20 November 2009

An Economy Fit for a Low Carbon World - The Pre-COP Earthcast

3.30am Oz time, unfortunately...

From Earthscan, 20 November 2009

Wednesday 25 November 2009
5.00pm GMT, 9.00am PST, 12.00pm EST

>> Can economies be redesigned for a low-carbon future?
>> What opportunities does the financial crisis present?
>> Is a constructive agreement likely at Copenhagen?

Tim Jackson developed the first Index of Sustainable Economic Welfare for the UK (a ‘green GDP’) in the 1990s, and is now one of the most influential advocates of worldwide economic reform.

Focusing on climate change mitigation and happiness as measures of economic success, his recent book Prosperity Without Growth ‘has already begun to redefine the debate about how to achieve a future of human and planetary well-being’ (Juliet Schor, Boston College) and we are thrilled to provide you with this opportunity to debate the issues online.

In this special pre-Copenhagen Earthcast the expert panel will examine the challenges that lie ahead if current economic systems are to support the development of a low carbon future, and will be answering your questions submitted during the event.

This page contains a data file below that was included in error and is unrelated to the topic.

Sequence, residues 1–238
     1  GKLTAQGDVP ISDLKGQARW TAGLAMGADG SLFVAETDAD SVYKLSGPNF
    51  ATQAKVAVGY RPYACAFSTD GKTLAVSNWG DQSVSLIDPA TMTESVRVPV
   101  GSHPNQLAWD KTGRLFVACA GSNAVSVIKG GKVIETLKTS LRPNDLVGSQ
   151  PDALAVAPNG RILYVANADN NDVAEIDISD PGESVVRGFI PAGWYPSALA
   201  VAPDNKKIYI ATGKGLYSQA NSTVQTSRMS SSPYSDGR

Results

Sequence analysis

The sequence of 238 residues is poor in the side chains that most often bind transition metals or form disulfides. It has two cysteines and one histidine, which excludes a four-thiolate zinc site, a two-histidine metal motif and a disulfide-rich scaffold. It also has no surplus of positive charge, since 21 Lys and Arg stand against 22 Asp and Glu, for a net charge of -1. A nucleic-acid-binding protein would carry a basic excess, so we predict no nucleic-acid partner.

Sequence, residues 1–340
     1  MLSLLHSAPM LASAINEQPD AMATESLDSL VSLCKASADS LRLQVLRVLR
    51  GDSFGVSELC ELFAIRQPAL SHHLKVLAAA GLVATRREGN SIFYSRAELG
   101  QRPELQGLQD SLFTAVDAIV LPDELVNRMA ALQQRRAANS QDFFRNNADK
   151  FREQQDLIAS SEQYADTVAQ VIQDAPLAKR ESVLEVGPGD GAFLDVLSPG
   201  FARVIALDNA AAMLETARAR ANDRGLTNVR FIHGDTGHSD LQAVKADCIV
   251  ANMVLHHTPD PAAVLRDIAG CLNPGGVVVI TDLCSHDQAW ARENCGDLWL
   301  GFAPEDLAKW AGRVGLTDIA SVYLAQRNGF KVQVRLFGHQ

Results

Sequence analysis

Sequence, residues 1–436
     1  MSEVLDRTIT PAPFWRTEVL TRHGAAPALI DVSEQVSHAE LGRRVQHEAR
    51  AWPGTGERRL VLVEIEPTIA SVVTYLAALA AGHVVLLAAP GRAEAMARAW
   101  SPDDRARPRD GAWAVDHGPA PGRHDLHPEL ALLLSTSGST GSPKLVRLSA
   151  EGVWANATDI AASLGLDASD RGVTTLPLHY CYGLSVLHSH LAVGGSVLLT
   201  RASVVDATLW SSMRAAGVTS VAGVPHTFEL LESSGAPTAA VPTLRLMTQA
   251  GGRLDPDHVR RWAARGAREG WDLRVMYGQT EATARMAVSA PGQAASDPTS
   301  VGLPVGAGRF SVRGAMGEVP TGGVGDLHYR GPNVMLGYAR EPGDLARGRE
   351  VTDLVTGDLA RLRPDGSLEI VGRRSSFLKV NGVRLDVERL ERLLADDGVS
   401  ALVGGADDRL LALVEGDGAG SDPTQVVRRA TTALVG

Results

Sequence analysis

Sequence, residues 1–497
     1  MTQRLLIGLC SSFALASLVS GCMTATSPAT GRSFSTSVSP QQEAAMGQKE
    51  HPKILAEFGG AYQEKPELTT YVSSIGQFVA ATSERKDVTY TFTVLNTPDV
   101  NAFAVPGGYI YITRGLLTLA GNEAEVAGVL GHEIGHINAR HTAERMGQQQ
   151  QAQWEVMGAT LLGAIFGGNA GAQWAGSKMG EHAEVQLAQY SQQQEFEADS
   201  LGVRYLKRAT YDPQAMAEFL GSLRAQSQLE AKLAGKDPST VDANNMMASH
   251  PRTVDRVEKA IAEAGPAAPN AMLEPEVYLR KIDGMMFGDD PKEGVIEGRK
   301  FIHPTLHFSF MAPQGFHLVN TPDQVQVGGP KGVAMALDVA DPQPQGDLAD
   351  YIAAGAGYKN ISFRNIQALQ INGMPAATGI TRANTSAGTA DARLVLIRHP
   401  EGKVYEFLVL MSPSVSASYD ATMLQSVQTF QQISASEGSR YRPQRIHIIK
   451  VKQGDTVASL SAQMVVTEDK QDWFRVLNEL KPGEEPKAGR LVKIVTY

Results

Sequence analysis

Tim Jackson will be joined by Robert Costanza, contributor to the Worldwatch Institute's State of the World 2010 and ecological economist Peter Victor for a debate that will explore ways of reorganising economies so that emissions reductions and well-being are prioritised.

Tim Jackson is Economics Commissioner on the UK Sustainable Development Commission, Professor of Sustainable Development at the University of Surrey and Director of the ESRC Research Group on Lifestyles, Values and Environment (RESOLVE).

Robert Costanza is the Gund Professor of Ecological Economics and Director of the Gund Institute for Ecological Economics at the University of Vermont, USA.

Peter Victor is an ecological economist, author of Managing without Growth, and Professor in Environmental Studies at York University in Toronto, Canada.'

Viral Marketing Success Story‏

Alright - this is both goofy and GODDAMN annoying!

BUT - its been effective in terms of viral [pardon the pun!] marketing - nearly one million hits in six months!!!!